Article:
In Durham County, officials have rejected any notion that an intruder sought to alter the election outcome. “We do not believe, and evidence does not suggest, that hacking occurred on Election Day,” Derek Bowens, the election director, said in a recent email.
But last month, after inquiries from reporters and the North Carolina State Board of Elections and Ethics Enforcement, Durham county officials voted to turn over laptops and other devices to the board for further analysis. It was not clear which government agency or private forensics firm, would conduct the investigation.
Ms. Greenhalgh will be watching closely. “What people focus on is, ‘Did someone mess with the vote totals?’” she said. “What they don’t realize is that messing with the e-poll books to keep people from voting is just as effective.’”
In 1932, William Beebe wedged his lanky body into a cramped submersible and became the first scientist to descend into the sea’s inky darkness. A tiny window let him gaze out. Later, he described an unfamiliar world of dancing lights, pale glows and beguiling shimmers.
“It seemed to explode,” he said of one luminous creature. Nothing, he added in his book, “Half Mile Down,” had prepared him for the spectacular displays. The colors included pale greens, blues, reds and especially blue-greens, which by nature can travel far in seawater.
Over the decades, biologists learned that the creatures of the deep sea use light much as animals on land use sound — to lure, intimidate, stun, mislead and find mates.
The living lights emanated from tiny fish with needlelike fangs, and gelatinous brutes with thousands of feeding tentacles. The sheer variety suggested that bioluminescence was fairly common, but no scientist came up with a measurement of the phenomenon.
Now, 85 years after Dr. Beebe’s pioneering dive, scientists have succeeded in gauging the actual extent of bioluminescence in the deep ocean.
During 240 research dives in the Pacific, they recorded every occurrence and kind of glowing sea creature — more than 500 types living down as deep as two miles. Then, the researchers merged the results into a comprehensive survey.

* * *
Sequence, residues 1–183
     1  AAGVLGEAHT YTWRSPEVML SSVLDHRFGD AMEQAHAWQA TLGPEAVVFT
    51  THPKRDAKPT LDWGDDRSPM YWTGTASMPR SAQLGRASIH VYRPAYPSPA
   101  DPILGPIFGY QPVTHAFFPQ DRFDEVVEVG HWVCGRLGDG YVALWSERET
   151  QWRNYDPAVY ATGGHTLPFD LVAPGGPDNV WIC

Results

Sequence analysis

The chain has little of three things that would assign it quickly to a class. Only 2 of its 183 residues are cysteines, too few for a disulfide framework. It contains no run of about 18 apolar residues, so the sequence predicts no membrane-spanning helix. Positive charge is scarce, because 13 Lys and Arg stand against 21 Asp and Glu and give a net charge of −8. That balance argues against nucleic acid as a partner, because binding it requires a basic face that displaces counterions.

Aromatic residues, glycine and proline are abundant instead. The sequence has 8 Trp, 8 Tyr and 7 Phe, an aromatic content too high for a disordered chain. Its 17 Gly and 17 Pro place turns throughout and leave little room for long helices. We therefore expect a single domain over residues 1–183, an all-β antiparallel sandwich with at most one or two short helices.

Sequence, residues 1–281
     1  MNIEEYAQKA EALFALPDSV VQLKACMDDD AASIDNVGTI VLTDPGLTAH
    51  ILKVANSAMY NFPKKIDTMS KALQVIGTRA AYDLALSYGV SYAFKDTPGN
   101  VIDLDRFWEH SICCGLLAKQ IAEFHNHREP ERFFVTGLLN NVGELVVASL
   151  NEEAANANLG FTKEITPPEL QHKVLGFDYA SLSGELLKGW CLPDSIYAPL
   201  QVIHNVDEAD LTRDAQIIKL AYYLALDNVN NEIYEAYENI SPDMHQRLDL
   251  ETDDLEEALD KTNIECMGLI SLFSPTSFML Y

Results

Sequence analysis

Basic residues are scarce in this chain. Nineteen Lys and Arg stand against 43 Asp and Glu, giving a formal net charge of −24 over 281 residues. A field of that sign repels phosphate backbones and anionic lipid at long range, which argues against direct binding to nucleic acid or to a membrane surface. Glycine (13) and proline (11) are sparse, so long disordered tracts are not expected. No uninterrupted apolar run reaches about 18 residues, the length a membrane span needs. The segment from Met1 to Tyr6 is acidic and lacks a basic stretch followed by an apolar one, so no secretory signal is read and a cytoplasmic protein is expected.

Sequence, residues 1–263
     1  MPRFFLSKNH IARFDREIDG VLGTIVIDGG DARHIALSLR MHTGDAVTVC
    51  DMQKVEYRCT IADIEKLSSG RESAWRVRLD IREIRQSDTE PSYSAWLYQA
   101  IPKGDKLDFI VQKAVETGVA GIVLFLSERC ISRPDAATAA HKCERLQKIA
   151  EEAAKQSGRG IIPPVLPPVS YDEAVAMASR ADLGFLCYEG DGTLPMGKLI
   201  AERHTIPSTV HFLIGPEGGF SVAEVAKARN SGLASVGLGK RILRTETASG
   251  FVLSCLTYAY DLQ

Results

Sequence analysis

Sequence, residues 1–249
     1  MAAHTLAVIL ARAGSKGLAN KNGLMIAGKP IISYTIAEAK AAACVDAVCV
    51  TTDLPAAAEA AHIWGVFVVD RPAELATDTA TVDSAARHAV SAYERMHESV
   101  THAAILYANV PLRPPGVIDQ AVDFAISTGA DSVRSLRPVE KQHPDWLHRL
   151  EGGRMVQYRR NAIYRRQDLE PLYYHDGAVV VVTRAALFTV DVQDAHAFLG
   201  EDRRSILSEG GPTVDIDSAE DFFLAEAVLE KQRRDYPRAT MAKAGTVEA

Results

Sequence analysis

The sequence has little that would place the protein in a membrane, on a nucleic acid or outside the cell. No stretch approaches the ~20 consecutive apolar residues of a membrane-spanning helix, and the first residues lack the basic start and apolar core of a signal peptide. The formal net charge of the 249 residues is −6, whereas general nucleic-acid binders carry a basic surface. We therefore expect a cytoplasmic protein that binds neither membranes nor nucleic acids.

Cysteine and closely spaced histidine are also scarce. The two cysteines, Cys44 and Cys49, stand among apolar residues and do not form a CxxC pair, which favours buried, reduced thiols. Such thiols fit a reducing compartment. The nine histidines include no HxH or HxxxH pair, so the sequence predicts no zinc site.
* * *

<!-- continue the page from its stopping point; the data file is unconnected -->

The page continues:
The result? Most of the creatures — a stunning 76 percent — made their own light, vastly outnumbering the ranks of the unlit, such as dolphins.
“People think bioluminescence is some kind of exotic characteristic,” said Séverine Martini, a marine biologist and lead author of the study,published this year in Scientific Reports. “Even oceanographers don’t realize that it’s common.”
Her own awakening came one night in a sailboat off Africa. “I was looking at the stars and learning about constellations,” she recalled, and then suddenly began “seeing things that were glowing in the waves.”
The vampire squid, Vampyroteuthis infernalis, can cloak itself in a glowing blue cloud.Steven Haddock/Monterey Bay Aquarium Research Institute
Deiopea, a comb jelly. These colors are produced by the diffraction of light on hair-like cilia.Steven Haddock/Monterey Bay Aquarium Research Institute
Sternoptyx, a marine hatchetfish whose lower body can glow blue, perhaps to elude predators.Steven Haddock/Monterey Bay Aquarium Research Institute
Beroe forskalii, a comb jelly, can produce waves of light in the deep sea.Steven Haddock/Monterey Bay Aquarium Research Institute
Chaenophryne longiceps, an anglerfish, uses a bright lure to attract prey.Steven Haddock/Monterey Bay Aquarium Research Institute
Atolla, a jellyfish, shines bright blue when threatened.Steven Haddock/Monterey Bay Aquarium Research Institute
Helicocranchia, a genus of tiny transparent squids. Some have light-emitting cells near their eyes.Steven Haddock/Monterey Bay Aquarium Research Institute
Tomopteris, a genus of sea worms, emits blue light, but one species can produce yellow.Steven Haddock/Monterey Bay Aquarium Research Institute
As the deep sea is the planet’s largest habitat, the new findings confirm bioluminescence to be one of the earth’s dominant ecological traits, despite its unfamiliarity, according to Dr. Martini and her co-author, Steven H. D. Haddock, both of the Monterey Bay Aquarium Research Institute in California.
“A lot of these questions are centuries old,” Dr. Haddock said. “You see sparks in the water and have no idea what they represent.”
Over the decades, scientists have traced the evolutionary roots of the living oceanic lights to primal seas hundreds of millions of years ago, long before the age of dinosaurs.